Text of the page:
HOW DOES THE COURT CALCULATE TIMESHARE FOR CHILD SUPPORT?
Time share calculations are very important for determining child support, and generally are fairly simple: the court will determine how much time the minor or minors spend with each parent, and turn that into a percentage.
However, there are always twists and grey areas, some of which have been addressed via cases that have been appealed and ruled on by either the appeals court of the California Supreme Court.
Two interesting cases show some of the issues that come up.
First, a 2001 case (In re Marriage of Katzberg) found that the primary custodial parent would be given the time share for time where a minor spent at a boarding school. The rationale for the decision was that the primary custodial parent was responsible for emergencies and day to day management of the school, and was therefore responsible for those time periods.
There are also cases that state that the time in day care should be attributed to the primarily custody parent because they have the responsibility for finding, arranging, and fronting the money for day care. In re Marriage of Whealon.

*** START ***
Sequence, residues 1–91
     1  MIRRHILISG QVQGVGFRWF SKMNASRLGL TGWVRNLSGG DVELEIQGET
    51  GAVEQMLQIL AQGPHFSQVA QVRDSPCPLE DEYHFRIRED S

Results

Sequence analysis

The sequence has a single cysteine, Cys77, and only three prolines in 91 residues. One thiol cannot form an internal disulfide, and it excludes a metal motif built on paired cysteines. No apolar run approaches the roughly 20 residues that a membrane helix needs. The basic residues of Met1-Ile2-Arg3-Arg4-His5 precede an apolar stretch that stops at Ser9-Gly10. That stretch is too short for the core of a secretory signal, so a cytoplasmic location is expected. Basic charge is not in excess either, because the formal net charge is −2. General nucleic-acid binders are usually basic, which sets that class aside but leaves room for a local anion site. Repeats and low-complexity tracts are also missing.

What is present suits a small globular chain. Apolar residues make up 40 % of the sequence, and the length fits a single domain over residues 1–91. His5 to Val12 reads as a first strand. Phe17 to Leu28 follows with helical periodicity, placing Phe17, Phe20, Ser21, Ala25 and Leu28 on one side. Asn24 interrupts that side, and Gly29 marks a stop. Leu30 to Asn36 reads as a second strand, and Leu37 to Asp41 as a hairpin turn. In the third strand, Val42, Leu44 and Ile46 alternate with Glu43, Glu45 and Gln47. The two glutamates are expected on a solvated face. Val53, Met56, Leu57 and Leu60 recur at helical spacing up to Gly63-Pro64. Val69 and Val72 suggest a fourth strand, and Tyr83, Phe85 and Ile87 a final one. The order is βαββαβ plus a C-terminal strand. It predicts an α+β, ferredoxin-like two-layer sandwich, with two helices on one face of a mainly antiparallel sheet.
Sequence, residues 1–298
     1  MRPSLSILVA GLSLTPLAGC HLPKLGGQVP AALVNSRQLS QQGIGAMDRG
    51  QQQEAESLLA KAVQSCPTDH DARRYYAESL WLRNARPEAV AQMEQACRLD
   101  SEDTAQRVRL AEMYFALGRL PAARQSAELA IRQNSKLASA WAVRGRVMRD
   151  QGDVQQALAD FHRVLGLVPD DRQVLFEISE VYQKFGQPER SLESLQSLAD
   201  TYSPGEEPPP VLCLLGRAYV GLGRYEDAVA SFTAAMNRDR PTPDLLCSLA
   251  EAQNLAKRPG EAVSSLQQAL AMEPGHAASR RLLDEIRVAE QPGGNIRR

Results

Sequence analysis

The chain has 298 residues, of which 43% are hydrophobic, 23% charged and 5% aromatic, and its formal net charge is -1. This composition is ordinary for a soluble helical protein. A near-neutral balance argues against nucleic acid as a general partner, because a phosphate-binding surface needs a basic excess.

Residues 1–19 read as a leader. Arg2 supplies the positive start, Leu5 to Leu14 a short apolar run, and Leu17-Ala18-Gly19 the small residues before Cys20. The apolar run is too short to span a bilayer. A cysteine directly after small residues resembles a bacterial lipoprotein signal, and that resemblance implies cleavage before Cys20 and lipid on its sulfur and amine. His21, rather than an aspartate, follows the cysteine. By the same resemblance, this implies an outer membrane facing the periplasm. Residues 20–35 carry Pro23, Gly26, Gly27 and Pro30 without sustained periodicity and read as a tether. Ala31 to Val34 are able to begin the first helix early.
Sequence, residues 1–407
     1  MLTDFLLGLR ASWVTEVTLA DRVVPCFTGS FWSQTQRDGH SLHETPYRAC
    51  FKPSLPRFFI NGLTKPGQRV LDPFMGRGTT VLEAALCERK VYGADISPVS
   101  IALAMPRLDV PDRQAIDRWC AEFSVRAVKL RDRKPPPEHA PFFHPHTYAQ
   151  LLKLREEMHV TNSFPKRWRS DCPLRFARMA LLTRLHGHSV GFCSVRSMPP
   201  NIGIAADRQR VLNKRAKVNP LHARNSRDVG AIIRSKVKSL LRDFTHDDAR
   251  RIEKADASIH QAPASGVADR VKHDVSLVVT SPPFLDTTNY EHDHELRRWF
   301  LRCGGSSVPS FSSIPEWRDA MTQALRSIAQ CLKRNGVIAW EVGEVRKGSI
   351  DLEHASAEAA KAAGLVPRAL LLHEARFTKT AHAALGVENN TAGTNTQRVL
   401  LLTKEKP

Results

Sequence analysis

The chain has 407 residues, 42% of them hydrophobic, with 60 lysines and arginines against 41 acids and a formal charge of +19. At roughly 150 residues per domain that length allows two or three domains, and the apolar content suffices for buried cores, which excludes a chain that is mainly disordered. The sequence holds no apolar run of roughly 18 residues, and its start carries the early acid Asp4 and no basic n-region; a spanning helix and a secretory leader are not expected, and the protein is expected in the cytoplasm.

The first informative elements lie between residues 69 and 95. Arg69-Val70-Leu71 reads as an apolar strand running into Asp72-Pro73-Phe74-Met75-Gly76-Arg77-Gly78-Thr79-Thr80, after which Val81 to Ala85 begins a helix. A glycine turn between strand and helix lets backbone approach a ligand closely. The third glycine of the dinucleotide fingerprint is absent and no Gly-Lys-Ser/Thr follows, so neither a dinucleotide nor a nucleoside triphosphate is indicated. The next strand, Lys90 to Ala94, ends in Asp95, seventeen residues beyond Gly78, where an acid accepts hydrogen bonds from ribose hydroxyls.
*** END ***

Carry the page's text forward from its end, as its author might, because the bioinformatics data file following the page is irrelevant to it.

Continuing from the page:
Second, a new case, just decided, out of San Diego in 2020 stated that a court erred by giving a father a 20 percent time share for a period of time where he didn’t see the minor at all. The trial court’s rationale was that the mother had prevented the father from seeing the child during that time, and therefore it was unfair to make him pay support for the full time. The Court of Appeal found that the trial court could not do this, because Family Code Sections 4052.5 and 4057 require the use of actual time share, and only allow narrow exceptions to guideline support. Denial of visitation was not one of those exceptions.
When looking at time share, the court is going to look at the ACTUAL time, and apportion time when the minor or minors are not in the care of either parent to the parent responsible for the child should emergencies arise, etc.